2c Washington Kansas City Roulette bottom plate block of six
After the need for imperforate sheets of 400 of the 1912 1-cent and 2-cent Washington Franklin series in vending machines ended, Kansas City's postmaster faced a dilemma. He could return the small surplus to Washington, DC, for redemption, or he could make them available to patrons over-the-counter. He decided to roulette the stamps using tracing wheels and add them to the sales stock. This created the local perforations that collectors today identify as the "Kansas City Roulettes."
Since seamstresses used this type of tool to make patterns on fabric, the tools could be easily obtained locally. Numerous varieties existed, and the postmaster purchased up to fifteen wheels. Varieties in the rouletted perforations exist due to different wheels, broken teeth in the wheels, the number of sheets perforated together, the material beneath the sheets, and the attention span of the clerk. The stamps are difficult to authenticate, and forgeries exist. On the reverse are two hand stamps, "C.A.S." and "SS&CCO" (Scott Stamp and Catalog Company). Markings on the reverse offer evidence of when, where, and by whom these stamps were purchased.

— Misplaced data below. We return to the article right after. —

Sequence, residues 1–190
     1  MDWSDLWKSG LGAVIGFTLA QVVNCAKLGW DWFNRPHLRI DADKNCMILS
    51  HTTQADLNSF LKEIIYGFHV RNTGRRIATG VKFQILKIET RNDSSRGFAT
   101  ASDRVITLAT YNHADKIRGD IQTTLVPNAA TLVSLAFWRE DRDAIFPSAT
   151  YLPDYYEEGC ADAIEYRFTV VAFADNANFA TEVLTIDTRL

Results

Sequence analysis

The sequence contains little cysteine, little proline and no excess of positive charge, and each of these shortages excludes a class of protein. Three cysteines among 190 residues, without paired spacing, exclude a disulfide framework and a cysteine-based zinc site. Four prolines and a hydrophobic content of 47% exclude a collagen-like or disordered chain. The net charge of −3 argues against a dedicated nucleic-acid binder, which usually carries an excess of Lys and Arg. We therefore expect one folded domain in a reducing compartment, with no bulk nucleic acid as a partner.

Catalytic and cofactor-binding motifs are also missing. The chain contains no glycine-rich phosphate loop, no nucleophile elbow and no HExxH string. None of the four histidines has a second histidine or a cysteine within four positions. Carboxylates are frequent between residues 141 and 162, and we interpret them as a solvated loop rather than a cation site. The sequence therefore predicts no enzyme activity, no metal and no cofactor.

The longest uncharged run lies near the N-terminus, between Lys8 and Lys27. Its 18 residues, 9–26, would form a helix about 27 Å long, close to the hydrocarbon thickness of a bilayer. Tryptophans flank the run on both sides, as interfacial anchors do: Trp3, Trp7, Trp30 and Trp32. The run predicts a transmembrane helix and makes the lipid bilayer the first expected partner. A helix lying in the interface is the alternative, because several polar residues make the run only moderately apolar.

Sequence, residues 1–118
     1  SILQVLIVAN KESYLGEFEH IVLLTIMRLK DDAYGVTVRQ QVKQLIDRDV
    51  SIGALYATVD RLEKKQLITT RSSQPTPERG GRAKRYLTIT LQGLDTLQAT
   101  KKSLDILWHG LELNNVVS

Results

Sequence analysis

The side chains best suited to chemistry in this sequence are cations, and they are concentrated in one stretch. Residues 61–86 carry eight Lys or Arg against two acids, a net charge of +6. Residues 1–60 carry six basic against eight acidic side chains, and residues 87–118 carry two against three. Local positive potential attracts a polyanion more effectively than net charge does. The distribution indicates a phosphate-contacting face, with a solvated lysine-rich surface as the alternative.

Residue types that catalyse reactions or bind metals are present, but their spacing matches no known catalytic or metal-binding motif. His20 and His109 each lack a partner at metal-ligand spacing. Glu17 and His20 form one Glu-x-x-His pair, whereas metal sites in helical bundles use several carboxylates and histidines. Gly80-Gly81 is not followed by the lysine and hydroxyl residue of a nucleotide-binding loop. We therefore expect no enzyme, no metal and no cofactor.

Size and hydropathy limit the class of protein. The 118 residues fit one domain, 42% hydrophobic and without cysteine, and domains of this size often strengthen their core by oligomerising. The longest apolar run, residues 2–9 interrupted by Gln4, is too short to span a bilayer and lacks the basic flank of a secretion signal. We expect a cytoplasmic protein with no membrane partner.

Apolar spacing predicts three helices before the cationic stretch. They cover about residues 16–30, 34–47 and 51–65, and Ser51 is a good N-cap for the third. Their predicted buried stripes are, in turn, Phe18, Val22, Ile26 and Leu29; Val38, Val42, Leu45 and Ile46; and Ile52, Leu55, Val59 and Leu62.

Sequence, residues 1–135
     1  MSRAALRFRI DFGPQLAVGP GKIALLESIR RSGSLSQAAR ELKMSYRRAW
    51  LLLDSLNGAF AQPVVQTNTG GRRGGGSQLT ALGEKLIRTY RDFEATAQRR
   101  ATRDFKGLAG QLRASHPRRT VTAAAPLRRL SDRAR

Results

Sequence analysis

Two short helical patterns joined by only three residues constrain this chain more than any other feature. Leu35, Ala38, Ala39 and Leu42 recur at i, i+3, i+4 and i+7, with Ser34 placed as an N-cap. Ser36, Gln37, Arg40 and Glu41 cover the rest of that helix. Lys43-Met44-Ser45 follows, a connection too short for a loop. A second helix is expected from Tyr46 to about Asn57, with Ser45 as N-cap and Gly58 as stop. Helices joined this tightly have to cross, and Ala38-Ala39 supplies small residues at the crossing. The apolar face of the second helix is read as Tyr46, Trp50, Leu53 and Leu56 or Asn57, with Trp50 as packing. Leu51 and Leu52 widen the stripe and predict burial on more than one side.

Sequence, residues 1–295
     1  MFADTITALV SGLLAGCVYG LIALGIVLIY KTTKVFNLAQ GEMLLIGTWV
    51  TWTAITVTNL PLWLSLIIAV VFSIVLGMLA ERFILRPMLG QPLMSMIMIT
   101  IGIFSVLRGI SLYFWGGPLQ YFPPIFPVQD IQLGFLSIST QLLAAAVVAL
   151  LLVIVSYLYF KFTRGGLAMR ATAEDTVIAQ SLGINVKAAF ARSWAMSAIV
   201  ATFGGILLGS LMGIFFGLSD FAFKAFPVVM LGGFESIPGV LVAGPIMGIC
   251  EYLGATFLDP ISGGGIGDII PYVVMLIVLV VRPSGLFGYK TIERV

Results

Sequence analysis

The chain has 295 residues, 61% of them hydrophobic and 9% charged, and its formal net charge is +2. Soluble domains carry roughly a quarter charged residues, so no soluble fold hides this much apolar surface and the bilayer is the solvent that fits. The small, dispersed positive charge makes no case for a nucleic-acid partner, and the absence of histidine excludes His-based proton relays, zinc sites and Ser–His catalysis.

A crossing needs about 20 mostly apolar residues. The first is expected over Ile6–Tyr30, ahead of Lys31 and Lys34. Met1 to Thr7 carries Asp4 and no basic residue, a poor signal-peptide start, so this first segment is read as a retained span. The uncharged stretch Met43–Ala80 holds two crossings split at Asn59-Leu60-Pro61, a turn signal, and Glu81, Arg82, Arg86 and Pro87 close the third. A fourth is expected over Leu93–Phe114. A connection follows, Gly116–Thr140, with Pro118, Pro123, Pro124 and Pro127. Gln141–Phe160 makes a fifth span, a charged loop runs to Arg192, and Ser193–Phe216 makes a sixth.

The postmaster reported that 173 sheets (69,200 stamps) of 2-cent carmine stamps had been rouletted. The earliest recorded use of the 2-cent value is November 25, 1914. This block of six is from plate #6491.